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Title: Establishing microbial composition measurement standards with reference frames

Differential abundance analysis is controversial throughout microbiome research. Gold standard approaches require laborious measurements of total microbial load, or absolute number of microorganisms, to accurately determine taxonomic shifts. Therefore, most studies rely on relative abundance data. Here, we demonstrate common pitfalls in comparing relative abundance across samples and identify two solutions that reveal microbial changes without the need to estimate total microbial load. We define the notion of “reference frames”, which provide deep intuition about the compositional nature of microbiome data. In an oral time series experiment, reference frames alleviate false positives and produce consistent results on both raw and cell-count normalized data. Furthermore, reference frames identify consistent, differentially abundant microbes previously undetected in two independent published datasets from subjects with atopic dermatitis. These methods allow reassessment of published relative abundance data to reveal reproducible microbial changes from standard sequencing output without the need for new assays.

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Publication Date:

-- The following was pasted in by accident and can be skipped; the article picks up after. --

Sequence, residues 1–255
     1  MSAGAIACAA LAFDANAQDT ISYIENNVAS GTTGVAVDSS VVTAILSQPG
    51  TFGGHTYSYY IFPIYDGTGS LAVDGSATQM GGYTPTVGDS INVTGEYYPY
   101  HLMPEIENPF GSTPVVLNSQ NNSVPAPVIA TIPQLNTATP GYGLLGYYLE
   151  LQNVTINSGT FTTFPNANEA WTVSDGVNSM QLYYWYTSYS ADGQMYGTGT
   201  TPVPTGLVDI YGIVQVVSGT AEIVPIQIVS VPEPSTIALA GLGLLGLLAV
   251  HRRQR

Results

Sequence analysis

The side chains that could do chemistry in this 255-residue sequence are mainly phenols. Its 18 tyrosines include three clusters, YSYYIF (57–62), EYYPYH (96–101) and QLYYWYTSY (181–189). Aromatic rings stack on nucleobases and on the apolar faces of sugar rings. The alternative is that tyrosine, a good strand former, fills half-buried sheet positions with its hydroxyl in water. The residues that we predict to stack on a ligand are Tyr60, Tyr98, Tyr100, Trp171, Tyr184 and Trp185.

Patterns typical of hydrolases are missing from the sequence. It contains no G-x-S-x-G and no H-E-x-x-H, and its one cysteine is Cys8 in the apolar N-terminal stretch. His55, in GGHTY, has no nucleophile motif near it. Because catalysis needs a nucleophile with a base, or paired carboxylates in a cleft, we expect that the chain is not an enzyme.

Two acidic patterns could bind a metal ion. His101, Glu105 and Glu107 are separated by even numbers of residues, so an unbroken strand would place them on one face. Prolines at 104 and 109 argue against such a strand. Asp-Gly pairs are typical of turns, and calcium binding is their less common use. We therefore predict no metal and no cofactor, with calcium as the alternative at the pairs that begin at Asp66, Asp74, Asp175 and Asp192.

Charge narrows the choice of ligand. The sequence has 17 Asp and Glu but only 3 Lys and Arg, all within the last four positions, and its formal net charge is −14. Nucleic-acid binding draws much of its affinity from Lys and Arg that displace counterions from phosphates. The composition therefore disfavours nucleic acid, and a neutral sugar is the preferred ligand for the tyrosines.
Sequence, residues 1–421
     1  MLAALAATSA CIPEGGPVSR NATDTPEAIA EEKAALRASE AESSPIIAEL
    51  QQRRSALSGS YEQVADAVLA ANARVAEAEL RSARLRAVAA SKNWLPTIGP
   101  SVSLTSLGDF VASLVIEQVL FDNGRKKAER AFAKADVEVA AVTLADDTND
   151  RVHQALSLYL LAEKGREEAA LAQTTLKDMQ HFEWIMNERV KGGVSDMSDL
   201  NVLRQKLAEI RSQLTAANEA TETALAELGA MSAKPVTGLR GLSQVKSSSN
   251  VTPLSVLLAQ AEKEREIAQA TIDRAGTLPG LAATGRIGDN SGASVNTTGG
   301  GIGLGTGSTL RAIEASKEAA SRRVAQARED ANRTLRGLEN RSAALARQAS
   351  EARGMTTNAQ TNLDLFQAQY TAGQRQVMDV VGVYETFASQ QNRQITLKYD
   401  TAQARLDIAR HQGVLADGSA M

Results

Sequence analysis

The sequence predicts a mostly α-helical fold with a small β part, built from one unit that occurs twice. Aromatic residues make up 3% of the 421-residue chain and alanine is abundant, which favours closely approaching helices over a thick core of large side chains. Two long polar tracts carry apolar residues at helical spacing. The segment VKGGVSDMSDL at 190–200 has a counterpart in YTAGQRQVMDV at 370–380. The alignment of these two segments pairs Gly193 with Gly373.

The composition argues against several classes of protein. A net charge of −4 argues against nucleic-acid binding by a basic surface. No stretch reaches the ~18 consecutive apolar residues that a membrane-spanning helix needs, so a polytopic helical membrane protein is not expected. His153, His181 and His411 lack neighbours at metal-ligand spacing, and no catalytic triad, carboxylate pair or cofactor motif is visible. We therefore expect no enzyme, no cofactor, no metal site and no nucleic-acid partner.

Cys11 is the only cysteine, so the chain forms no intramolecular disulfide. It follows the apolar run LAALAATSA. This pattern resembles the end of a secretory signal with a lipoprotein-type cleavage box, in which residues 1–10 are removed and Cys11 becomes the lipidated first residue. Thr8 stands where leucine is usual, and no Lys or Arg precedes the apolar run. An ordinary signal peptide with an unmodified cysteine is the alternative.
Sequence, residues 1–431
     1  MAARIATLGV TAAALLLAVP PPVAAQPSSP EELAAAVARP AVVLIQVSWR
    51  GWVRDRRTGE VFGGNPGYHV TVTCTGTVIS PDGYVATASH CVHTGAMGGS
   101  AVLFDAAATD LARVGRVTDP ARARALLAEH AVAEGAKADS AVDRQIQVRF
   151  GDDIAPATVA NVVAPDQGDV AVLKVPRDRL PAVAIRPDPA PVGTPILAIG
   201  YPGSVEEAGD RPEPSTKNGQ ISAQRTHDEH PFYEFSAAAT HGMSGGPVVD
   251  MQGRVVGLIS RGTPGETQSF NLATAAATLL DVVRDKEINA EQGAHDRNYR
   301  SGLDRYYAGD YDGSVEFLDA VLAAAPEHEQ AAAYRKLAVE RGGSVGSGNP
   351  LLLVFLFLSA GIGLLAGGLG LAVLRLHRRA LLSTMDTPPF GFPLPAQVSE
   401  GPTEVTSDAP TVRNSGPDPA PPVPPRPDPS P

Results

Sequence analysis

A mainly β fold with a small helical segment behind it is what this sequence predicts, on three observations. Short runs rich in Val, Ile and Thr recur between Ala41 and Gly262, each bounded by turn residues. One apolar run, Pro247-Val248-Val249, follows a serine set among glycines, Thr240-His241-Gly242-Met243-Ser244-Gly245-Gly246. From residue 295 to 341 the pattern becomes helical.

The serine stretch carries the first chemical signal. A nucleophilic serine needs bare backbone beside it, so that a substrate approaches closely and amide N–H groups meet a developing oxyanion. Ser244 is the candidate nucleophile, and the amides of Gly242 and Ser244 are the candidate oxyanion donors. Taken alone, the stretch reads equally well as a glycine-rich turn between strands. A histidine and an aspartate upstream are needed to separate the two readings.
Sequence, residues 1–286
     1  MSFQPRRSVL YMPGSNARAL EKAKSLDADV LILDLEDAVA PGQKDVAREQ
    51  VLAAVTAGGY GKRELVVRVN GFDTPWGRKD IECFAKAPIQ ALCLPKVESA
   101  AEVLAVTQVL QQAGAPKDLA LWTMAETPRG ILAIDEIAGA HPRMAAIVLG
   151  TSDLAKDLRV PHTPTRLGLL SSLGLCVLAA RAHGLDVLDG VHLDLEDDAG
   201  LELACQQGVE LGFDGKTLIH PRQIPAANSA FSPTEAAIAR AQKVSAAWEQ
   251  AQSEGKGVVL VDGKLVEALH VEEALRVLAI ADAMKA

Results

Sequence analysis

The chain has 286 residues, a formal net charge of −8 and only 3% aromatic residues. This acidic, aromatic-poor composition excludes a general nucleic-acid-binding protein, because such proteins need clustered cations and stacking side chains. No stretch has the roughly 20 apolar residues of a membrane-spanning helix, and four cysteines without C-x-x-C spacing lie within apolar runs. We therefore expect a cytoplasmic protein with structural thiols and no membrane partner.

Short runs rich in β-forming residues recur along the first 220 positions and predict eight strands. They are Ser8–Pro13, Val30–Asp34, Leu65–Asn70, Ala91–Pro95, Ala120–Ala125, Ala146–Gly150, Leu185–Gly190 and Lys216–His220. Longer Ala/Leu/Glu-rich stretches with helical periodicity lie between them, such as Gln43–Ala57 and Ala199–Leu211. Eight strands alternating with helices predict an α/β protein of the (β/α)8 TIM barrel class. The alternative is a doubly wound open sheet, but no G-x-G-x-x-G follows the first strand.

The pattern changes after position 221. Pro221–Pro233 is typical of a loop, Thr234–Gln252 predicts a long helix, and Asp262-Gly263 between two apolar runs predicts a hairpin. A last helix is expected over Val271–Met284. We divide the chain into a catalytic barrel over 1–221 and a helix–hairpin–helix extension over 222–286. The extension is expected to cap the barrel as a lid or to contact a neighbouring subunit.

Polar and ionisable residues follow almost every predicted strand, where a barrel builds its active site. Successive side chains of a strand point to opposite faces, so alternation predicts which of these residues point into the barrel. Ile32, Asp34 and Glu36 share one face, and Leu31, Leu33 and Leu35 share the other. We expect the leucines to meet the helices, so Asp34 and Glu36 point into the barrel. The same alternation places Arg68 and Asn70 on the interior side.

Journal Name:
Nature Communications
Nature Publishing Group
Sponsoring Org:
National Science Foundation
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  1. Abstract Motivation

    Metagenomics is the study of genetic materials directly sampled from natural habitats. It has the potential to reveal previously hidden diversity of microscopic life largely due to the existence of highly parallel and low-cost next-generation sequencing technology. Conventional approaches align metagenomic reads onto known reference genomes to identify microbes in the sample. Since such a collection of reference genomes is very large, the approach often needs high-end computing machines with large memory which is not often available to researchers. Alternative approaches follow an alignment-free methodology where the presence of a microbe is predicted using the information about the unique k-mers present in the microbial genomes. However, such approaches suffer from high false positives due to trading off the value of k with the computational resources. In this article, we propose a highly efficient metagenomic sequence classification (MSC) algorithm that is a hybrid of both approaches. Instead of aligning reads to the full genomes, MSC aligns reads onto a set of carefully chosen, shorter and highly discriminating model sequences built from the unique k-mers of each of the reference sequences.


    Microbiome researchers are generally interested in two objectives of a taxonomic classifier: (i) to detect prevalence, i.e. the taxa presentmore »in a sample, and (ii) to estimate their relative abundances. MSC is primarily designed to detect prevalence and experimental results show that MSC is indeed a more effective and efficient algorithm compared to the other state-of-the-art algorithms in terms of accuracy, memory and runtime. Moreover, MSC outputs an approximate estimate of the abundances.

    Availability and implementation

    The implementations are freely available for non-commercial purposes. They can be downloaded from

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